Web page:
TEHRAN — Rock stars are a brash, in-your-face breed, often challenging their audiences with lyrics of defiance. But here, they are all that and a bit scared, too.
"Please, I'm going to be in deep trouble," said a rock musician after a recent show when asked for a copy of the lyrics to a song his group had performed (in English). He handed them over, but cautioned he could get in trouble if they attract the attention of the authorities.
I have a right to be caught by the cops
Have a right to be called by the judge
Have a right to be sent to the fronts
And come back in the back of a truck in a box.
Compared with the defiance that explodes from rock music in the West, the song seemed tame. But this is Iran, a nation that often feels otherworldly, caught someplace between an "anything goes" attitude and the intense restrictions and scrutiny of a religious government.
After the 1979 revolution, when Ayatollah Ruhollah Khomeini was fashioning Iran into a Shiite Islamic state, one of his many sayings was, "Keep the appearances of Islam." Public profile is important and so, if Iranians chose not to fast during Ramadan, well, O.K., but they were expected to eat in the privacy of their homes. After centuries in which Shiites were permitted to hide aspects of their faith in order to protect themselves against discrimination, a practice called Taqiyah, the principle seems to have etched its way into the national character. Appearance is often valued more highly than truthfulness.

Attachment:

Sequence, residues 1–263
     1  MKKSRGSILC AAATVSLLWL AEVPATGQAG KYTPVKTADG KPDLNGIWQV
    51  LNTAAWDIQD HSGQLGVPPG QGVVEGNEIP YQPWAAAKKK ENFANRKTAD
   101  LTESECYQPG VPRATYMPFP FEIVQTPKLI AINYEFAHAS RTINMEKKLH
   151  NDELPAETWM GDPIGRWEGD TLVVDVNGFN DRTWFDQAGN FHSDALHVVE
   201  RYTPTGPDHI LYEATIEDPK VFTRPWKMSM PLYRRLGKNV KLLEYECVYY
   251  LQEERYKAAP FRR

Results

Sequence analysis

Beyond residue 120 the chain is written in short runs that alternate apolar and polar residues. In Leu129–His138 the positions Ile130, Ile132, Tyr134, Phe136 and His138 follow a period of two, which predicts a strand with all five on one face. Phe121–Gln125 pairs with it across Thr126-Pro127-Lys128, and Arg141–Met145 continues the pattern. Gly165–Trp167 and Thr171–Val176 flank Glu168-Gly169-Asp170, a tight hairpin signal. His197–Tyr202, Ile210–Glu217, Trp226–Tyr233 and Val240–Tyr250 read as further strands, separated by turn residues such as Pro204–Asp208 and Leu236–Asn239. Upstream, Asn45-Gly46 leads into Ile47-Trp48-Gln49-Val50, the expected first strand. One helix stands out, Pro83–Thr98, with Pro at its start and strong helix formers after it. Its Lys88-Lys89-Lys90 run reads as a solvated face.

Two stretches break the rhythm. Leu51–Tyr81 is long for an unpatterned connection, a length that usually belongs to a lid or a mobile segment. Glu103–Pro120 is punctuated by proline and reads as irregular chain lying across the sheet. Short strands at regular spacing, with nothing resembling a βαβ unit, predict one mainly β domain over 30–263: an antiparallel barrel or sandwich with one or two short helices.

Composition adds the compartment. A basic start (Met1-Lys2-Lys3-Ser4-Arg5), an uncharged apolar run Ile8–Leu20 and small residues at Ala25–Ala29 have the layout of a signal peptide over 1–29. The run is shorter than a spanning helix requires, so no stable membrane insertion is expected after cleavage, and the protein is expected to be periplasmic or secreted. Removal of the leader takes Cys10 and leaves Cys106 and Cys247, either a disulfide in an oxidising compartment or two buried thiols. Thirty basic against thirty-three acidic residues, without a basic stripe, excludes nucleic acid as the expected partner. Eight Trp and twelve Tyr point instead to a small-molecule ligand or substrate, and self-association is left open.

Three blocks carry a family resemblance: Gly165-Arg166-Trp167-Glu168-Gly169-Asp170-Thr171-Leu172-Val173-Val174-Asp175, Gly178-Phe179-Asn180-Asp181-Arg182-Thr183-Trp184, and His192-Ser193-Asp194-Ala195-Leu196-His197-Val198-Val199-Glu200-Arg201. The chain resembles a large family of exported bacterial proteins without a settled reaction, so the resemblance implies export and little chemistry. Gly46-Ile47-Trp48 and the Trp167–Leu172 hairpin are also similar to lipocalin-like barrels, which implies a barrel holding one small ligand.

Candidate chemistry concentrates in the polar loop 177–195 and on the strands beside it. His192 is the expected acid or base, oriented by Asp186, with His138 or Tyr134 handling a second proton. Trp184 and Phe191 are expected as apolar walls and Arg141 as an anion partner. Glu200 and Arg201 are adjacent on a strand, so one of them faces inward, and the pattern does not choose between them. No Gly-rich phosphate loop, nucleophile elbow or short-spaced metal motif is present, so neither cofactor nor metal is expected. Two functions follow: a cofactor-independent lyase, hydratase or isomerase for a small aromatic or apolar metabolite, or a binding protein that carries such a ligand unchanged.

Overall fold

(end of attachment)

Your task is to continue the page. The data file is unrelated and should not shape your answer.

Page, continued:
During the years reformers were in power, the authorities permitted some outward challenges to appearance: looser dress codes and some public questioning of the government. Now there is a new president, the ultraconservative Mahmoud Ahmadinejad, and people are wondering where the lines will be drawn, how far will they be permitted to challenge appearances.
The president has given some clues, though not necessarily the ones that were expected. Many thought he would quickly issue a strict Islamic dress code for women, but it has not come to pass. In a way, on some matters, the new president seems, by design or circumstance, to be imposing control by not defining where those red lines are.
"There is no written law," said the musician, whose name is being withheld because he was worried about being punished and his band blocked from playing. "You are allowed to do everything, unless you want to share it."
That seems to be the unwritten law in Iran today: no sharing. The act of publicly sharing ideas that challenge the system is forbidden, because, at a minimum, that amounts to challenging the appearance the government would like to promote. A blogger sits in jail for sharing his ideas. Newspapers are shut down for sharing. A journalist is denied permission to leave the country. The BBC's Persian Web site is filtered. Always the offense is sharing which can, of course, lead to the slippery slope of public questioning, public discontent and public organizing.